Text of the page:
Grappling with lockdown anxiety? Olga Preston, nutritional therapist and ION graduate, shares her advice for navigating the lockdown blues 

1. Reduce sugar

“We all love a little something sweet in our lives, but sugar increases anxiety and if that is something you are particularly worried about it would be best to stick to natural sugars from fruit. Whenever possible, choose berries; fresh or frozen. Otherwise, citrus fruits like oranges and satsumas, or apples or pears. As much as possible, avoid bananas and dried fruit which are high in sugar and may increase anxiety.

 “Remember to eat fruit with natural yogurt or cottage cheese, or a handful of seeds, nuts or nut butter to avoid a sugar spike affecting your blood sugar levels. The same applies if you’re using fruits and vegetables in your smoothies.

 “If you have a craving for mangoes or pineapple, use them in salads, alongside fish or chicken, to minimise their impact on your blood sugar and therefore their impact on anxiety.”

2. Fresh air, laugh and sweat

“Fresh air is good for your brain and your soul. If you are lucky enough to have a garden, use it daily. Looking at plants will also help you to relax. If you do not have a garden but have access to a balcony then use it every few hours. If you do not have either, try at least to go out of your front door to get some fresh air. Keep the windows open in your house and sit close to the open window.

 “Whenever possible, watch news to keep you informed but avoid constantly watching negative news. Try to watch a comedy programme, or try to look at pictures of when you were at school and had a funny looking haircut! Laughing will raise your endorphins and raise your feel good factors.

 “Sweating will also make you feel good and help to relieve tension and anxiety, as well as increasing endorphins. Try to do an exercise class or home workout.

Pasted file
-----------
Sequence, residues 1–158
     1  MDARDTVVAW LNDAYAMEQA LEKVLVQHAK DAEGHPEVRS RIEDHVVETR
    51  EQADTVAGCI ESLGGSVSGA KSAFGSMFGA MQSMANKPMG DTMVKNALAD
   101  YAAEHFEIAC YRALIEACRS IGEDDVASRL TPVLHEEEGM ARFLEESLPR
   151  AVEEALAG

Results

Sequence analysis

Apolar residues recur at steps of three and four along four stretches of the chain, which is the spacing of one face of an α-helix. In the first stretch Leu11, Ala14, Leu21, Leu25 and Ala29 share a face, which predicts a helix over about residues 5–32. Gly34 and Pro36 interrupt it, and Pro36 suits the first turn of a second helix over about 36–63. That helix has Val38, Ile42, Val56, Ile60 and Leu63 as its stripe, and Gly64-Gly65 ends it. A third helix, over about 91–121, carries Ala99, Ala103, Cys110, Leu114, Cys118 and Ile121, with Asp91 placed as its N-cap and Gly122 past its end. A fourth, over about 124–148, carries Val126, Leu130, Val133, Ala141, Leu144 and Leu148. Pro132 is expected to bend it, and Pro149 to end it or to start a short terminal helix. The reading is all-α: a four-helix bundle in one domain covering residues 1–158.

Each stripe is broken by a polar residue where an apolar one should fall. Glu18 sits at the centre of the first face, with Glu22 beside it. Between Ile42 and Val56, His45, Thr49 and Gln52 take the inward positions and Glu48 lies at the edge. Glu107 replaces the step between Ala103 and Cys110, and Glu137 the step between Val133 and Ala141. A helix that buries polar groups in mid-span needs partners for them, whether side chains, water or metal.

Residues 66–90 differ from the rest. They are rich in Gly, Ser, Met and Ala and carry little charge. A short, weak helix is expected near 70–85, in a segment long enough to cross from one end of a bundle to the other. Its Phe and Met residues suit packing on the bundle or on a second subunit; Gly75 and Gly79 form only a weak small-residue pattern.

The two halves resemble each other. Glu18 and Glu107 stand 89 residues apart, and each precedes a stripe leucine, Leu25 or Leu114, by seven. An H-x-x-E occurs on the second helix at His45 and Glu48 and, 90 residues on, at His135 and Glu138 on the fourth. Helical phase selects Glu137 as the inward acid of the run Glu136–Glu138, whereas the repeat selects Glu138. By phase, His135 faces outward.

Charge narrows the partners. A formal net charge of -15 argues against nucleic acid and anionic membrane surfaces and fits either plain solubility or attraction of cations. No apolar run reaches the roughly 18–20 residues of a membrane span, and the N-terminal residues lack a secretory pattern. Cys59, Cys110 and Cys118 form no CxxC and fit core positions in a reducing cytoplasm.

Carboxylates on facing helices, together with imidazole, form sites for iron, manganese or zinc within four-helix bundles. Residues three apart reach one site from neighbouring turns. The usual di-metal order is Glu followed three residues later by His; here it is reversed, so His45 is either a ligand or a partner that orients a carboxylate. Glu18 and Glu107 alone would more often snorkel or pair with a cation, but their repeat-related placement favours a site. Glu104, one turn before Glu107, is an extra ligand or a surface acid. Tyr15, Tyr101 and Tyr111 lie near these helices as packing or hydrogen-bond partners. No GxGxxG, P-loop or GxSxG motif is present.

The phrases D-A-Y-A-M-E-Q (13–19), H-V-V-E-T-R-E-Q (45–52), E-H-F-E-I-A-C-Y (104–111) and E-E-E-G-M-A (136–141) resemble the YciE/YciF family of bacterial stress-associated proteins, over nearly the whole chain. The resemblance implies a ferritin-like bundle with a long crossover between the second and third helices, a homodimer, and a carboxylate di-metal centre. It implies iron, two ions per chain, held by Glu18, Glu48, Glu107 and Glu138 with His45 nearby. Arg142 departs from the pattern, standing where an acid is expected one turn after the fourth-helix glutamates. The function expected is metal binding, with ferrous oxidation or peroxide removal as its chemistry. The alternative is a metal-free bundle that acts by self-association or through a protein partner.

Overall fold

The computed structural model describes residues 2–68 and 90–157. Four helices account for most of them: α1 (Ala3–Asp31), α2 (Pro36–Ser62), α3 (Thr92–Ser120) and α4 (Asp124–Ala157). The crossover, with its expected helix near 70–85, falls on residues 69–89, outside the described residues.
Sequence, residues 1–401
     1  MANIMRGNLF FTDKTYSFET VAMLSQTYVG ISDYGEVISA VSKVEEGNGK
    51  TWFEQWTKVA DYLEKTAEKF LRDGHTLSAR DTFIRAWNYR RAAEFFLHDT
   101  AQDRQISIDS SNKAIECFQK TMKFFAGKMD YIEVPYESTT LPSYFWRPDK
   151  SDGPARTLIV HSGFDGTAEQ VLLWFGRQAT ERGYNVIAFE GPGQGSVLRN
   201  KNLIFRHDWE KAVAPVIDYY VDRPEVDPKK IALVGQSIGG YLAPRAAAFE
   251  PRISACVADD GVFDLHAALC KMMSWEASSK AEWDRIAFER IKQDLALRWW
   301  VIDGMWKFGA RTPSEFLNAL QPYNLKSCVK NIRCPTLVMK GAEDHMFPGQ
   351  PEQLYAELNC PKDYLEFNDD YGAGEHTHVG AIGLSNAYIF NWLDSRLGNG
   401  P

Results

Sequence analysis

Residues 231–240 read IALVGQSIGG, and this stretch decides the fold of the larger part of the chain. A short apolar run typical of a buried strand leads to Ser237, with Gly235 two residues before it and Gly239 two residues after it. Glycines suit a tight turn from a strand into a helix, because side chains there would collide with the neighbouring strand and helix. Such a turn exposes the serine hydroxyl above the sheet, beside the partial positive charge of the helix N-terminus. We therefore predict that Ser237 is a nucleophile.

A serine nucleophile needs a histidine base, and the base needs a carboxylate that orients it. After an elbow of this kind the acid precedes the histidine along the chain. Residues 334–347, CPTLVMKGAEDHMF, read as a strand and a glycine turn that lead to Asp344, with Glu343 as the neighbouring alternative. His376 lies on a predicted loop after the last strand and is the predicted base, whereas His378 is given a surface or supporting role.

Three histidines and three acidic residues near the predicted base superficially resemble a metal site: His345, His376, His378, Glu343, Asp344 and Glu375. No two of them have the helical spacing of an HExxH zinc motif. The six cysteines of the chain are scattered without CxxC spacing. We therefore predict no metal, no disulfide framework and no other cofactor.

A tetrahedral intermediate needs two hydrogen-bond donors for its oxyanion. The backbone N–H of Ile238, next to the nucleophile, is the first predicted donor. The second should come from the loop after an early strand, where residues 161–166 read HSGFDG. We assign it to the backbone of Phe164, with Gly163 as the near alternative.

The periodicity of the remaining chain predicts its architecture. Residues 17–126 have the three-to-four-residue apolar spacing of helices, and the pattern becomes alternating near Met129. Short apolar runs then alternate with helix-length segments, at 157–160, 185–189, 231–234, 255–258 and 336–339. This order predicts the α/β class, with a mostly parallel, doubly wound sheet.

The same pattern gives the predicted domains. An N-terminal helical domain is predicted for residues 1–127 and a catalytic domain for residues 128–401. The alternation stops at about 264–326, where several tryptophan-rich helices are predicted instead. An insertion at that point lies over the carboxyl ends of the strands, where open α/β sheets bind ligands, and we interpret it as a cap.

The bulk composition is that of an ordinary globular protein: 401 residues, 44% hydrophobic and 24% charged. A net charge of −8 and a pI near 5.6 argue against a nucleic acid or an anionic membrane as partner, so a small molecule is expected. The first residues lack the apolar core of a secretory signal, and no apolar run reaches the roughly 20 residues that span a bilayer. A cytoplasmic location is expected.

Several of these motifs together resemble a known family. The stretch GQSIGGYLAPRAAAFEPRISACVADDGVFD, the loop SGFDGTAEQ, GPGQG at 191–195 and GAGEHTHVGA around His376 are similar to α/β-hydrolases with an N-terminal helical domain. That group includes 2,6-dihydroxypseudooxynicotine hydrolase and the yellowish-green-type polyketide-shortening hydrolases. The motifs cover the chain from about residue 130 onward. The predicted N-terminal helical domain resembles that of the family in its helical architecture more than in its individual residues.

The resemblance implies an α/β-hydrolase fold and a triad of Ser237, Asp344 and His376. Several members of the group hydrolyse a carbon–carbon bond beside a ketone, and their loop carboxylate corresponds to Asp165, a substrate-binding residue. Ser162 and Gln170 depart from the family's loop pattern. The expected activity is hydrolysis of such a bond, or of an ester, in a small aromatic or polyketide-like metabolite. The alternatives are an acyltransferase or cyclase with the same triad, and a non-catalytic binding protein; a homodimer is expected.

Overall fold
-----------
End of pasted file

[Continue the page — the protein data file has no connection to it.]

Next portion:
“At nights, try to do a yoga, meditation or mindfulness class online to help you set up for a good night’s sleep. If you have access to an electronic aromatherapy diffuser, put some lavender oil in and relax.”

3. Music

“Some say that music feeds the soul, and music therapy is successfully used in many hospitals. Have music on in the background for companionship and choose some upbeat sounds for dancing around - you could even have a go at learning salsa. It all helps and will distract your mind. Perhaps mix music and exercise - a good Zumba class might just be what you need!”

4. Stay in touch with loved ones

 “Use technology to stay in touch with your loved ones, but rather than talking about coronavirus, try to focus on all the things you want to do when this is over. Finally, sign up to do that course you've wanted to do forever, or change careers.”

5. Reduce alcohol

“It’s tempting to reach for a wine or a gin and tonic when you are worried about things, but this will have the opposite effect on your long-term mood. If you want to have a drink, make sure you have it after food - and just have one drink, rather than the whole bottle! You can also choose sparkling water with lemon, berries or mint instead, and drink it in a wine glass.

 “Finally, if you know that you are reacting to a specific food then try your best to avoid it, as food intolerances are associated with anxiety.

 The most important thing is to try your best but do not stress - there is only so much we can do under the current circumstances.

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